Originally Posted by SemiAudiophile
haha, ok. maybe not exactly. But pretty close. Well, that's how I hear it anyway when listening through my OMZ. Mine's a v4.2 btw (if that means anything?).
IMO, vinyl > any digital format out there right now. The fact is that many modern day music doesn't come in the LP format.
I hear dramatic differences...but then again, a person that blows up digital photos cannot see the mush all over the piece of paper vs. a properly drum scanned piece of sheet film and enlarged to the same size, so like people's eyes are different, people's ears are different as well.
I think where the issue is is in a person's vinyl setup. I don't feel many have a good vinyl setup and I don't feel they have anything remotely close to the equivalent digital source that Ori offers with the OMZ/pre or even just dac itself. In other words, and especially with Ori's pre/dac, we're talking about a truly reference piece that the entire world of preamps and dacs has to compete against...but you compare this "worldclass" pre/dac to an average or even what I feel the majority of owners out there have in a vinyl setup to it, then yeah, I would actually much rather have the digital since that "smooth" tonality is likely all one can tell when distinguishing the two.
From my experience, the vinyl brings the listeners into the room whereas the digital brings the listening experience on a flat soundstage that is analyzed. Go listen to some well implemented dipolar based speakers that can image well front to back, left to right, as well, and you'll hear how very different box speaker sound is...I prefer a musical experience vs. an analytical one. Sure, I can analyze music with my system very easily, but I never had any feeling of wanting to analyze it when I first heard the speakers I have now. However, every box speaker I had in past and even some dipolar speakers I have heard in time give a overly analytical sound that to me, completely forces the listener to judge the recording and kills the experience.
Anyhow, my experience with vinyl, even on what were not the best of setups, but really quite good is this:
1) Removes the box based sound so the "images" are presented in space in a way that makes sense to me. Like listening to Tool or name your favorite band and the vinyl will make the music sound alive, presenting exceptional images in space, removing that contained box based monitor sound that is typical of digital. Listen to the digital and the soundstage flattens, becomes basically a flat line, and you start to analyze these horrid recordings...yes, vinyl has pops and cracks, but it has a level of transparency nothing digital can do. Correct speakers w/correct digital sources helps, but I know if i had a nice vinyl rig in my system, I could care less for the digital...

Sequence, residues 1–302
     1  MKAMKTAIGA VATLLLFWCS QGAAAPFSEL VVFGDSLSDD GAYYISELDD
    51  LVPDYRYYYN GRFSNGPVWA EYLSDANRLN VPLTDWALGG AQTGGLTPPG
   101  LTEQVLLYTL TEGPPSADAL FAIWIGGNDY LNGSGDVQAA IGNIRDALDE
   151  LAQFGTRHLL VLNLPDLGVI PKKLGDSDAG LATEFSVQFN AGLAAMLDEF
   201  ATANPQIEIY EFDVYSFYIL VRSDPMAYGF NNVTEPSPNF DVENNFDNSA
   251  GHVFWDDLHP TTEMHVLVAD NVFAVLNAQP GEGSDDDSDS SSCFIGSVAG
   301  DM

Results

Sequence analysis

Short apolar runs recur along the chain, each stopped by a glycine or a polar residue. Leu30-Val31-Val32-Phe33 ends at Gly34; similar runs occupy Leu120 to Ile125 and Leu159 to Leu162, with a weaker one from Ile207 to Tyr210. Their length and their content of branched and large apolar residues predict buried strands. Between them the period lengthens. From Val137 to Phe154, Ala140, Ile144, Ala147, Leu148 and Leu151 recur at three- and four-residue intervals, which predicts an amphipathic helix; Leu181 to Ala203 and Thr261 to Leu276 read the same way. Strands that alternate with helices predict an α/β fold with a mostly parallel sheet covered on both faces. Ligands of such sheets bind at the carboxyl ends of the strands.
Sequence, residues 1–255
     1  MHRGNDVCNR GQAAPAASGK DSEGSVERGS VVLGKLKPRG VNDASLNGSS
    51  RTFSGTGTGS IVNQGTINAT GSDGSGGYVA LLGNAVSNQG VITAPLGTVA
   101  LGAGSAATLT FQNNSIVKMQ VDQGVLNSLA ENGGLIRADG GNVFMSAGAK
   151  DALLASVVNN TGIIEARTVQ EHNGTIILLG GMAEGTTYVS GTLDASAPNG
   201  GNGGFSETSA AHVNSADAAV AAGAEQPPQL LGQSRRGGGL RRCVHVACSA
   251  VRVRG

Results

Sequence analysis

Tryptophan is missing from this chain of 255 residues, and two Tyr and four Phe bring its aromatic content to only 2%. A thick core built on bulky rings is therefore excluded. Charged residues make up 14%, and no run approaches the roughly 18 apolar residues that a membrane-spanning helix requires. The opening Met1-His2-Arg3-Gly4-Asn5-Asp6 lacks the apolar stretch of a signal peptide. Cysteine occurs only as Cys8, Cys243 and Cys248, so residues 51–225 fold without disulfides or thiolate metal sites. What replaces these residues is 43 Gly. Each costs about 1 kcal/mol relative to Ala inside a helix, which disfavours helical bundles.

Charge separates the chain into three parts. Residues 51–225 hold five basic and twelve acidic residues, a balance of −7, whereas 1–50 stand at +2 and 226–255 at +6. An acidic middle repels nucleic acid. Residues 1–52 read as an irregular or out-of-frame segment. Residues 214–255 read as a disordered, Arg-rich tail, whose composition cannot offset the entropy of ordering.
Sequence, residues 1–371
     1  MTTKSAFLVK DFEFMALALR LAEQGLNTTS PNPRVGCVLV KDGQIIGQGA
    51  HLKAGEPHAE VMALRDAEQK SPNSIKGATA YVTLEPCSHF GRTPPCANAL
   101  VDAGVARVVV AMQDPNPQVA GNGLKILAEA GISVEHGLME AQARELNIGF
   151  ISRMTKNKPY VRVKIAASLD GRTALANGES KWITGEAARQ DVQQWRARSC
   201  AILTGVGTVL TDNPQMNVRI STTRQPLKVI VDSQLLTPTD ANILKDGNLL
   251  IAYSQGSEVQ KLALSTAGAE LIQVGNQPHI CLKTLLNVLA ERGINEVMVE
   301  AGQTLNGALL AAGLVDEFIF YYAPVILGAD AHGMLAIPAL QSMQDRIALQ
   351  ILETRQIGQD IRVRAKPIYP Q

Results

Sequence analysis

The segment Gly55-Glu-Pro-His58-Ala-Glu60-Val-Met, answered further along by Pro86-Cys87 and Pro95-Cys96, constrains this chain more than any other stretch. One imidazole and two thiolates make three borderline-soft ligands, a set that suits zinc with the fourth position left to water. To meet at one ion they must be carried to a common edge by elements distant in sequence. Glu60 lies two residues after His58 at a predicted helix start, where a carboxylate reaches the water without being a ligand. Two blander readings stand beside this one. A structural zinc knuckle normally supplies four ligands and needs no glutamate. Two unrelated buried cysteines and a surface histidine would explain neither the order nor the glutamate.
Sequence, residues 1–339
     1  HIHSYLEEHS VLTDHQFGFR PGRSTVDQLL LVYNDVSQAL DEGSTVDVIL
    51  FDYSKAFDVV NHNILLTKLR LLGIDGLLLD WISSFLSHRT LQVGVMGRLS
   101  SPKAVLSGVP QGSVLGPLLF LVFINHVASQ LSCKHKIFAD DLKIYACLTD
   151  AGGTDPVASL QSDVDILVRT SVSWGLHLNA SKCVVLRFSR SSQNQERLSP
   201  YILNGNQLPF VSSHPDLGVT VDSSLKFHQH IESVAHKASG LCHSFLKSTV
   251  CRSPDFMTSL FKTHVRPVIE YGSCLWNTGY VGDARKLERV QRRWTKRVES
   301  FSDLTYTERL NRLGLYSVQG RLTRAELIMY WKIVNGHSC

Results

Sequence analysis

2) It does have a smoother sound...but it can actually sound pretty harsh in a very revealing analog signal. Those rolled off highs vinyl supposedly has can actually be the highest level of high end energy on any recording period. Thing about vinyl, as a whole, is it is more listenable be it a bad or good system. But the listenable thing is irrelevent to me and only a bonus.
3) Vinyl is what old stuff was recorded directly to. The recording is the most important thing "just about", and if you pick up some vinyl that contains older recorded material of accoustical music where they recorded directly with the instrumentalists and didn't run it through anything afterwards, you get such an amazing playback experience.
In the digital world, a TON of things have been said to sound vinyl like or more like vinyl, but until people realize digital and vinyl are two entirely different sounds, they will always make claim of one sounding more like the other and vice versa. It's like the digital photographers saying their work looks very film like. Why would a digital photographer that uses digital for many reasons, but having clean files want something that looks like film???...that makes no sense, but you hear it all the time. Funny no one ever says their film images look so much like digital
There's so many examples in the subjective world of things to point out where two entirely different things are attempted to be made similar and are written or consistently put together in discussion about the similarities, etc. etc.
Sorry for the long ramble, but regardless of my opinion with what I have heard, I won't say my experience with Ori's dac sounds anything like vinyl, but I will say it has been the best dac/preamp I have ever heard. If I had tons of cash to burn, I could go and pickup tons of different dacs adn preamps to see how they do versus Ori's stuff, but since I don't have floods of cash, nor a fetish about buying excessive garbage with an attempt to hear a better sound than what I hear with Ori's stuff, there's absolutely no point.
Ori has gotten his stuff right since he brought the cables to the market. Now he's taken the dac side of things and put in his sophisticated linestage which IMHO, truly does it for this device. Sure, the dac is ok, but that linestage is worldclass...take two very minimalistic circuits, put them together into one device, do some tricks here and there, and you have a reference dac/preamp in one. One reason why I stick to what sounds right and not bother buying excessive stuff to see if it is better is likely the same reason Ori sticks to the dac he uses in his designs that has proven well, so why buy a ton of dacs from different manufactures out there to find the best of the bunch for his design??? Maybe if he is Wilson Audio and has millions in R&D to test all these things out, he would probably find a better dac board to work from/with. But as it is, it is very good, and works simplistically and minimalistically into a simplistic/minimalist design that results in gorgeous sound.